At Richard Tool and Die, a consultant helped a cross-functional team implement visual management, a central lean concept. They embedded the concept into a critical workcell that produces most of the small details that go into the company's large progressive and transfer dies. The team was able to suggest a dozen or so ways to improve the sluggish productivity of the machining center at the heart of the cell.

Among the suggestions was that the operator should put a detail aside if he encounters a problem and go to the next one. Because the problem detail sits in a particular place, it is a sign to the die maker or supervisor that one of them needs to research and solve the problem. Before this change was instituted, the operator would have to do all of the research, which took him away from the machine and stopped production. This simple change in method relieved a bottleneck.

The cross-functional team came up with other ideas, but they would take more money and time to implement. "We started with the cheapest, fastest ones first to get some immediate benefits that added credibility to the entire process," says Rowe. Eventually, he moved to the longer-term, more expensive solutions, such as new strategies, cutting tools, and fixtures.

Once the company implemented the suggestions, the shop exceeded management's target throughput for the machine. "When we started, there were a lot of skeptics who said that there was no way that we're going to achieve it," says Rowe. "My response was, 'prove that we can't.' Not only did we achieve the goal, but we beat it by 25%."

Tax breaks are another benefit of membership in the UTC. At least, for those companies that qualify for them. Taking the recommendations in the paper that CAR wrote for the MEDC, the State of Michigan allowed tooling coalitions to attach themselves to one of the 34 nearly tax-free Renaissance Zones created by the state to spur investment in economically distressed areas. Through the UTC's attachment to one of these zones, roughly two-thirds of its member companies were able to qualify for tax breaks.

Although some members simply let elimination of this expense lower their overall costs and improve their competitive positions that way, others like Accu-Mold designated the money for specific investments. The company used the funds to acquire two pieces of expensive equipment that it would not have been able to justify otherwise, a $300,000 Roku-Roku high-speed machining center, and a $120,000 Trumpf laser welder. "The tax breaks allowed us not only to accelerate our rate of acquisitions, but also to invest more in higher-end equipment," says Martin. "The benefits have been significantly higher accuracy, more efficiency, and shorter lead times than five years ago."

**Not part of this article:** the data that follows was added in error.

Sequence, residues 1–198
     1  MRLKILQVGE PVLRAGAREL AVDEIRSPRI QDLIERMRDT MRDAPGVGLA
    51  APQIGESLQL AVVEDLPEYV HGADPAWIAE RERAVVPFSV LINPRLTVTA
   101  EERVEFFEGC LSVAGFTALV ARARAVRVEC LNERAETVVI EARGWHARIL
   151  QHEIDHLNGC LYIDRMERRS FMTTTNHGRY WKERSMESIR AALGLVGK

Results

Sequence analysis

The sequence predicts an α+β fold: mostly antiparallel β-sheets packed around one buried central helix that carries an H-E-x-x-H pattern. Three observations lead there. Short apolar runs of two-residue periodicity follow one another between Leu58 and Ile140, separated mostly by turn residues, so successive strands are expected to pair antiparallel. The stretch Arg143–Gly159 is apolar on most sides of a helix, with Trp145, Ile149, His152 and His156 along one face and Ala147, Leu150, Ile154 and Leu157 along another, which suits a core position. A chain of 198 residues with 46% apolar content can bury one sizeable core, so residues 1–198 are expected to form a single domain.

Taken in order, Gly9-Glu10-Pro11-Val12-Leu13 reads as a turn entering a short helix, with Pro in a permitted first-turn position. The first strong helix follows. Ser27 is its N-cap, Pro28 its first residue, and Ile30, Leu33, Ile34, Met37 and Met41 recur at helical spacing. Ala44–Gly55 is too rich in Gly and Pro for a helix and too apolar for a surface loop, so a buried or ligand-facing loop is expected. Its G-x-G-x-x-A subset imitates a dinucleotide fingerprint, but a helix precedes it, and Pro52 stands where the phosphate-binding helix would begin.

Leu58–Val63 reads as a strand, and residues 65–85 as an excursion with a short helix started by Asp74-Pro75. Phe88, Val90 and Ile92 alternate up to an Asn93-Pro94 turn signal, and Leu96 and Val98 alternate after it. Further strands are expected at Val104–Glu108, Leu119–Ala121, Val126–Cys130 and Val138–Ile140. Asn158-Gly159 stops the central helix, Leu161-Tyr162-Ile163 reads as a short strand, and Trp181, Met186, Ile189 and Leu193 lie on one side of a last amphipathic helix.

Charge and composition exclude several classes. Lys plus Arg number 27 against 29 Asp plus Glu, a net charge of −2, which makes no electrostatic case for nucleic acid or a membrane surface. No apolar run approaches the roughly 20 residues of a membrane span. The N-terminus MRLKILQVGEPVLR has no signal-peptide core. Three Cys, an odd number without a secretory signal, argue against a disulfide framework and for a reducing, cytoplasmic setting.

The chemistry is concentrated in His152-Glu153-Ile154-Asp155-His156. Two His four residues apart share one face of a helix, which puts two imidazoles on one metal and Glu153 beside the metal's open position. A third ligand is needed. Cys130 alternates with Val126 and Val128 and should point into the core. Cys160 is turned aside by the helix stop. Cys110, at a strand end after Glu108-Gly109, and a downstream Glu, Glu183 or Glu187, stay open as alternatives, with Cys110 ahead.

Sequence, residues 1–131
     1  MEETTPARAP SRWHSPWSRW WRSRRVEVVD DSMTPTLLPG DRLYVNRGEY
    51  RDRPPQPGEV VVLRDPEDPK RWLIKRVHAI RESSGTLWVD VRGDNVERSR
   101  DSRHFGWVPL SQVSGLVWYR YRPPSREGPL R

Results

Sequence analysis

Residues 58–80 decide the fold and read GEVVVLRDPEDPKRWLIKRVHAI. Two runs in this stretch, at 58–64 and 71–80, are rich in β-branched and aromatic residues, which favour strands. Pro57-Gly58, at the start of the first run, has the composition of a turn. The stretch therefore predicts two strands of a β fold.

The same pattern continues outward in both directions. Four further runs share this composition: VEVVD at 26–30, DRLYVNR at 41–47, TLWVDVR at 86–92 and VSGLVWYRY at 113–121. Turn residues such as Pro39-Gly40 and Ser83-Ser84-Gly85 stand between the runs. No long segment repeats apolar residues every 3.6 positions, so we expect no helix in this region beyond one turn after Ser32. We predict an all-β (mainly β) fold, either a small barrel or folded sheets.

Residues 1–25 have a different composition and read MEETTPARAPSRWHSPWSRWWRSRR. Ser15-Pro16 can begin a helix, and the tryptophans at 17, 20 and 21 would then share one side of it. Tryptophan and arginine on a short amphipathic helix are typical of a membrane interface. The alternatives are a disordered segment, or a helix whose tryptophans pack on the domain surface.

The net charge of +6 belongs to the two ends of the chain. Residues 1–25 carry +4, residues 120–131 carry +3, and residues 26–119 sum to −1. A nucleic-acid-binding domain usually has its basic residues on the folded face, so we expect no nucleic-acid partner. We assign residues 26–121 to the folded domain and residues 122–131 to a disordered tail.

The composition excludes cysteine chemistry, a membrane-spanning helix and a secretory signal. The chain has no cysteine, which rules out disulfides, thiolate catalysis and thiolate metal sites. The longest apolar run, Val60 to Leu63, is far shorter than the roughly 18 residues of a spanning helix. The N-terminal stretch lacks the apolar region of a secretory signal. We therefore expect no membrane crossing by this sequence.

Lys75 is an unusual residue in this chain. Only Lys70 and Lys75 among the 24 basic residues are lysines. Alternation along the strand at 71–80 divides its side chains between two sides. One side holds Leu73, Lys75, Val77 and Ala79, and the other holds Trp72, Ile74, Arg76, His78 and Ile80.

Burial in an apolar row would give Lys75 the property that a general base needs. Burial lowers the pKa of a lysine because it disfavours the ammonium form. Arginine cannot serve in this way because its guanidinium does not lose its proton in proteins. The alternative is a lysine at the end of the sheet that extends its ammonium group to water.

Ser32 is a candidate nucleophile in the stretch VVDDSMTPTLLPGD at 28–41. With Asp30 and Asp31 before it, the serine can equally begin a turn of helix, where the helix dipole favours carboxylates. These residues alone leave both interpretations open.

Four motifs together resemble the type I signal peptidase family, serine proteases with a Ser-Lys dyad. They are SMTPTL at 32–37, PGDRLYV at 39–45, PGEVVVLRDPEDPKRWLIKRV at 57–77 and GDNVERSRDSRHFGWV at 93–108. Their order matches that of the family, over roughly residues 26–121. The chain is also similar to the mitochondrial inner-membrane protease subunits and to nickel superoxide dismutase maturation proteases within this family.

The high-speed machining center generates efficiency by milling hardened steel and holding 50 millionths accuracy. These abilities reduce the number of times that people need to touch the workpiece. The machinist can cut features into a hardened workpiece, eliminating the time and error associated with putting it back on the machine for finishing once it returns from the heat-treatment facility. The high spindle speeds also enable the machine to generate extremely fine finishes, reducing the amount of labor-intensive polishing required.

The laser welder generates efficiency through its precise application of heat, which streamlines the shop's ability to make engineering changes and repairs on both molds under construction and tools already being used in production.

"The laser welder lets us add steel in a more intricate fashion," explains Martin. "It can put a dot of material on the head of a straight pin that you take out of a new shirt, and it doesn't destroy the parent steel." A laser delivers a large amount of heat to a very concentrated area, melting the material so quickly that it can accomplish the job before the heat has time to flow into the surrounding material and cause damage.

For these reasons, Martin describes laser welding as "minimally invasive mold surgery." The ability to put filler in the exact spot needing it, and to contain the effects of the heat, means less grinding, polishing, and other cleanup work afterward. "Conventional TIG welding does serious damage to the parent steel", he says. "The laser allows us to make much more intricate repairs and changes on molds at a much faster pace." He spends less time on the repair, passes less cost to the customer, and delivers a much higher-quality mold.

And faster turnarounds and lower cost are important business drivers in today's lean and mean automotive industry. Many of his customers have reduced the number of molds that they keep on hand. "Rather than having two molds, they might have one," says Martin. "So if it goes down on a Friday night, they want it back on Monday." Belonging to the coalition has definitely given Accu-Mold a competitive edge that it needs to prosper in today's global economy.

 

This article was first published in the September 2007 edition of Manufacturing Engineering magazine. 


Published Date : 9/1/2007